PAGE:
Shay Nahari at CyberArk describes why multi-factor authentication may be less secure than you think (and what you can do about it)
Digital transformation, widespread remote work due to the COVID-19 pandemic, and an ever-increasing reliance on cloud services have all contributed to new enterprise access challenges. As a result, multi-factor authentication (MFA) has become a must-have security control for many businesses looking to help protect themselves against credential theft and make it harder for attackers to reach their goal.
The case for MFA to be considered a foundational security control is strong. Last year, Microsoft engineers revealed 99.9% of the compromised accounts they track don’t use MFA. Meanwhile, Google found even a basic two-factor authentication method — such as a text message that generates a one-time-password through cellular networks — can stop 100% of all automated attacks, 96% of bulk phishing attacks, and three-quarters of targeted attacks.
When designed or implemented incorrectly however, MFA infrastructure can be compromised and used in the attack chain. And, as attackers continue to innovate, they’re finding new and creative ways to circumvent these critical security controls for malicious intent.
Since early 2020, CyberArk’s Red Team has received a spike in MFA bypass adversarial simulation requests from organisations across the world. Throughout these engagements four main attack vectors used by threat actors to circumvent MFA controls have been identified; architectural and design flaws, insecure channels, side channel attacks, and insufficient attack surface coverage.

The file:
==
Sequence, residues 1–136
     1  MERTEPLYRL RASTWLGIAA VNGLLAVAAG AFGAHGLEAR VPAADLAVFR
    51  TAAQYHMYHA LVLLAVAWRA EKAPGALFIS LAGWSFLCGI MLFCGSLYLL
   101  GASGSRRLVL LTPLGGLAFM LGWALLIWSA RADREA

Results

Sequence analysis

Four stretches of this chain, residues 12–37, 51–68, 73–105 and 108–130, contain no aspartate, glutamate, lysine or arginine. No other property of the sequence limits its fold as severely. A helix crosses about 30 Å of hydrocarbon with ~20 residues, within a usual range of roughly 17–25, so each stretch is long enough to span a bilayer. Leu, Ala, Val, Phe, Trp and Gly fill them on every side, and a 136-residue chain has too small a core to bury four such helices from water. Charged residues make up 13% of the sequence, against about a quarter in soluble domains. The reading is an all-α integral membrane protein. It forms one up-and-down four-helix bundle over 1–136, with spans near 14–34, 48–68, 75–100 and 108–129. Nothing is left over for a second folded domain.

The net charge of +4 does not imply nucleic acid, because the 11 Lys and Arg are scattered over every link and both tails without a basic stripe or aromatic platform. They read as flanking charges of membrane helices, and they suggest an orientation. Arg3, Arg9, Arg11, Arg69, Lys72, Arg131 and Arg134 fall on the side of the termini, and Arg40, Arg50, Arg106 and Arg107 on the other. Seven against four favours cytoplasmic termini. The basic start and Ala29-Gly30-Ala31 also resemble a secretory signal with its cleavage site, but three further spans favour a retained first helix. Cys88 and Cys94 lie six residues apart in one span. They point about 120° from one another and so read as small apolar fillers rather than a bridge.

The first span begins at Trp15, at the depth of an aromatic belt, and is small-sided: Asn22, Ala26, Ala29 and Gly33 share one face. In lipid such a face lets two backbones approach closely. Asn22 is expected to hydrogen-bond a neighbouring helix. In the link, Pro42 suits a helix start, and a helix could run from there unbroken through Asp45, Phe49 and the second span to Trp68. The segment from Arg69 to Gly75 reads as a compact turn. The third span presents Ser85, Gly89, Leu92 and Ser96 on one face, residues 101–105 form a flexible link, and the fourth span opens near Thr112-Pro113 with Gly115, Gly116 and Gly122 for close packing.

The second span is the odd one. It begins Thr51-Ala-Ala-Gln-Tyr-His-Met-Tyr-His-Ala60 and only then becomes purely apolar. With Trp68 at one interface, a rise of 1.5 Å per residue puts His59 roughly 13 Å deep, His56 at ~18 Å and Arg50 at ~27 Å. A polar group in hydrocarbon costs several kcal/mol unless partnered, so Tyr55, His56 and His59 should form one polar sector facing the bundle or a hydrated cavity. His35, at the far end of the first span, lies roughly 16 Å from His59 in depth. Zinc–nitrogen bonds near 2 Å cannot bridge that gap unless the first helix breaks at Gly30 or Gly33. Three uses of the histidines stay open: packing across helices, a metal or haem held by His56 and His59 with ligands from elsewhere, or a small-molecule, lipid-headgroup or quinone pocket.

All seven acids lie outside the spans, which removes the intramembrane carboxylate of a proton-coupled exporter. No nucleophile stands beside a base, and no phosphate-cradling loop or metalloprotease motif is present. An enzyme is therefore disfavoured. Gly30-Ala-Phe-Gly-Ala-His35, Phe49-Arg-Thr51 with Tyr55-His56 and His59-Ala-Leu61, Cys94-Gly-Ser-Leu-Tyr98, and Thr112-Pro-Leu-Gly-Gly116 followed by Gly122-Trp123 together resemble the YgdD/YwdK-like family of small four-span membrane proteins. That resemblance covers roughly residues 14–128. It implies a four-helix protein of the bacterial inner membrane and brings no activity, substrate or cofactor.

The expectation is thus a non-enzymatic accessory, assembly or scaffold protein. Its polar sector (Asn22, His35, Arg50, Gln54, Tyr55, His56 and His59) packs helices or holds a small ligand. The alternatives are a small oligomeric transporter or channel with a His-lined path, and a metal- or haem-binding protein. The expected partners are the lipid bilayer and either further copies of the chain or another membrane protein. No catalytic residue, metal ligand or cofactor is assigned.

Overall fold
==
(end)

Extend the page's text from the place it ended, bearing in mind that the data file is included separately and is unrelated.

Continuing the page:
Here’s a look at some real-world attack examples against MFA controls:
Manipulating architectural and design flaws
Many organisations deploy single sign-on (SSO) with MFA to mitigate the risk associated with credential theft.
In a recent engagement, a large global organisation used a third-party MFA provider to secure its VPN access. Once connected to the VPN, remote users would use SSO to access various cloud services. However, during testing it was found that, when users logged in from a trusted IP within the VPN range, they were only prompted for their domain credential before obtaining access to any cloud service.
This revealed a fundamental architectural flaw; MFA was only applied for infrastructure-based access. but not for individual user identities accessing critical assets. This practically rendered the MFA controls useless and left the organisation highly susceptible to a single-factor attack.
It also made it possible for attackers to log in to the VPN, switch out users with a single user password, and access anything they wanted. This could include everything from the CEO’s email to all-powerful cloud consoles, and all they needed to do this was to compromise a user’s workstation and obtain access to a soft token application installed on that machine, an easy process for a sophisticated attacker.
Exploiting insecure token on-boarding processes